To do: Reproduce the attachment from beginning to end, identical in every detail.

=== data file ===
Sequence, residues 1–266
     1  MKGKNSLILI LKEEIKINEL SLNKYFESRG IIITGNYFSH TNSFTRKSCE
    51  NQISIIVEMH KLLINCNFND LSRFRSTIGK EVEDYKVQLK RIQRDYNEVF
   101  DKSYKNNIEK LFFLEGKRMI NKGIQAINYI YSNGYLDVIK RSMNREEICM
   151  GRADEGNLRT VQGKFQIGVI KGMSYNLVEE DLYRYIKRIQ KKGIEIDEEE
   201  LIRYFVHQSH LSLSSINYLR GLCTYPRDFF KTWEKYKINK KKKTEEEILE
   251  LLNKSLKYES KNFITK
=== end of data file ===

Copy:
Sequence, residues 1–266
     1  MKGKNSLILI LKEEIKINEL SLNKYFESRG IIITGNYFSH TNSFTRKSCE
    51  NQISIIVEMH KLLINCNFND LSRFRSTIGK EVEDYKVQLK RIQRDYNEVF
   101  DKSYKNNIEK LFFLEGKRMI NKGIQAINYI YSNGYLDVIK RSMNREEICM
   151  GRADEGNLRT VQGKFQIGVI KGMSYNLVEE DLYRYIKRIQ KKGIEIDEEE
   201  LIRYFVHQSH LSLSSINYLR GLCTYPRDFF KTWEKYKINK KKKTEEEILE
   251  LLNKSLKYES KNFITK